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I Out of phase light/photons, would it be measurable?

  1. Dec 22, 2016 #1
    With sound you can create out of phase signals and they cancel out, this is not possible with light as it does not interact like sound does.

    If it was possible to create two light sources in that were exactly 180 degrees out of phase with each other and aim them at a common point (eg an isosceles triangle, the two points of identical angle are the light source, the 3rd point is the measurement point) regardless of the distance from the source to the point on which they combine the wavelengths would appear to cancel would they not? If they were of identical frequency and amplitude they would never depart from each other and would continue to appear "cancelled" at every point of measurement despite the photons still being there and containing energy.

    The light would not be coherent until the meeting point, this is the point upon which you would attempt to measure the frequency/amplitude. Would it appear to be zero?

    How would you actually produce an experiment like this, eg how could you lag the phase of a light signal, does it even make sense to attempt something like that?

    The reason for the question is I'm wondering if you could hide the fact a device/experiment is releasing energy by making all measurements appear null.
  2. jcsd
  3. Dec 22, 2016 #2


    Staff: Mentor

    No, if you have destructive interference at one location then you will have constructive interference at another location.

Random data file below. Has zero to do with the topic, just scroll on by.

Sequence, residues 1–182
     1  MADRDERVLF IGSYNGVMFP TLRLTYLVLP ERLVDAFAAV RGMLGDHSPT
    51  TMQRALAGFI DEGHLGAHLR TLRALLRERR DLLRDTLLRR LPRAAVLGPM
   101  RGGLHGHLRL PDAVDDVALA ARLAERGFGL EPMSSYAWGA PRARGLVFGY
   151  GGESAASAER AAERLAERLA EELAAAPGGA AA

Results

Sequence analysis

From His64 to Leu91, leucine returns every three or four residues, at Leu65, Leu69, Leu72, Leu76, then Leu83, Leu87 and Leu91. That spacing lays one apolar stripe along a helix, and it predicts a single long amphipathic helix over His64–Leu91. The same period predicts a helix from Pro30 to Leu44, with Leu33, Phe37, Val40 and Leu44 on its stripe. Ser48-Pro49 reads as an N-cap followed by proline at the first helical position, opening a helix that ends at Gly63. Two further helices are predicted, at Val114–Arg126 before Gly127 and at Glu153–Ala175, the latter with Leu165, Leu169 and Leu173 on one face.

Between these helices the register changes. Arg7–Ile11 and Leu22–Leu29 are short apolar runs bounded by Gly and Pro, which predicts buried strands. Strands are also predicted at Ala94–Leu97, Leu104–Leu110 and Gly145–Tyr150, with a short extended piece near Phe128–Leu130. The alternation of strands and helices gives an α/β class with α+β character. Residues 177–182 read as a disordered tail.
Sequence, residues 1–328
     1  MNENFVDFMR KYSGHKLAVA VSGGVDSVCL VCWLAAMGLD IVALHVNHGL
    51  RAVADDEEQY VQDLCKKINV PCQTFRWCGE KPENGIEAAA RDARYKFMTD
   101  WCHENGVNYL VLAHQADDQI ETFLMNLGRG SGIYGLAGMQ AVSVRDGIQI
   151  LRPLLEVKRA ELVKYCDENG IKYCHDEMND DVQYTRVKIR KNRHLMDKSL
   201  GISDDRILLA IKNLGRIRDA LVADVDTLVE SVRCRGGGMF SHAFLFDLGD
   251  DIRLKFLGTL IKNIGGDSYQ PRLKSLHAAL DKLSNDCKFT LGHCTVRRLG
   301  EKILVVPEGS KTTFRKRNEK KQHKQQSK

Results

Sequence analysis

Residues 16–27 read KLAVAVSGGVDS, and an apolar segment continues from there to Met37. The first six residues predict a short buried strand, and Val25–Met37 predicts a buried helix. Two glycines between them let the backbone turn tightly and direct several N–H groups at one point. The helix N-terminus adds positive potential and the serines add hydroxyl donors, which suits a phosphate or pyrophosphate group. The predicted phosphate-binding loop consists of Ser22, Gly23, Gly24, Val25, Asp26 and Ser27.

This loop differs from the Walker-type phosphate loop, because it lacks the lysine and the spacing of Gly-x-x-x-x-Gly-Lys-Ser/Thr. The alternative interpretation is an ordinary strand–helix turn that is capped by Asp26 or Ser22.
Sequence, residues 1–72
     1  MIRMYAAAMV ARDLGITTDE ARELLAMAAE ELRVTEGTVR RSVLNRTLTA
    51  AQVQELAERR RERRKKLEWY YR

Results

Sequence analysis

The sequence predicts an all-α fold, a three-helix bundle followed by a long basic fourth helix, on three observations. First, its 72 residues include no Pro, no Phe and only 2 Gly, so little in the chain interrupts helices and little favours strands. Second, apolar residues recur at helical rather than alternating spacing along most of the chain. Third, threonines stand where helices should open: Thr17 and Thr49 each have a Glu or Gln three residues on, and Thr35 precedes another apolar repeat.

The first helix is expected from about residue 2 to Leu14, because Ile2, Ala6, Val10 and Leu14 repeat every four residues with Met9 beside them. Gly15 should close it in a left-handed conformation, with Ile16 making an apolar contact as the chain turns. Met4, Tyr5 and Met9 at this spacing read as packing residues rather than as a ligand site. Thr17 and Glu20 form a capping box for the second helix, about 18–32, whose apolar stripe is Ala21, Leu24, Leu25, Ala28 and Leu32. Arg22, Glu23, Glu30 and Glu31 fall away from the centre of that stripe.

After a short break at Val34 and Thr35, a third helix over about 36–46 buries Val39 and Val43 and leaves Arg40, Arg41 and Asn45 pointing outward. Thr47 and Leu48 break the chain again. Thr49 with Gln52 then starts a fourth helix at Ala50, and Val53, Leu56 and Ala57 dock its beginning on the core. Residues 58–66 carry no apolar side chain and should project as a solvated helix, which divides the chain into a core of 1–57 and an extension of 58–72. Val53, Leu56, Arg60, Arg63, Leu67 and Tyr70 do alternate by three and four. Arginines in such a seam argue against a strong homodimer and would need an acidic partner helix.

The geometry you describe is the standard geometry for a double slit experiment. But with the regions of constructive and destructive interference swapped.
  4. Dec 22, 2016 #3
    Interference like you describe is not difficult with light. The very thing you describe: creating co-propagating waves out of phase so that they cancel everywhere is exactly how dielectric mirrors work. Overlapping multiply reflected beams traveling forward cancel everywhere, so the beam has no choice but to reflect. Actually the interference is constructive for the reflected beam. As Dale points out, this is a fundamental principle. The energy can't just disappear. No arrangement of interference can make the beam eliminate itself. What's lost in destructive interference has to show up somewhere in constructive interference.

    The case you describe of bringing beams together at an angle to interfere at an overlap point is how polar illumination in a photolithography machine makes the nm scale features on your computer chip. However due to the angle you don't get cancelation across the focal plane. You get modulation. Technically interference is how all photography and in fact all optics work.

    There are examples of light engineering for interference all around. Iridescent paint, the diffractive optic element on your laser pointer that makes a funny shape, the hologram on your credit cards.
  5. Dec 23, 2016 #4


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    Er...yes it does!

    Send a beam into an interferometer, adjust one arm of the interferometer so that you get a destructive interference, and voila!

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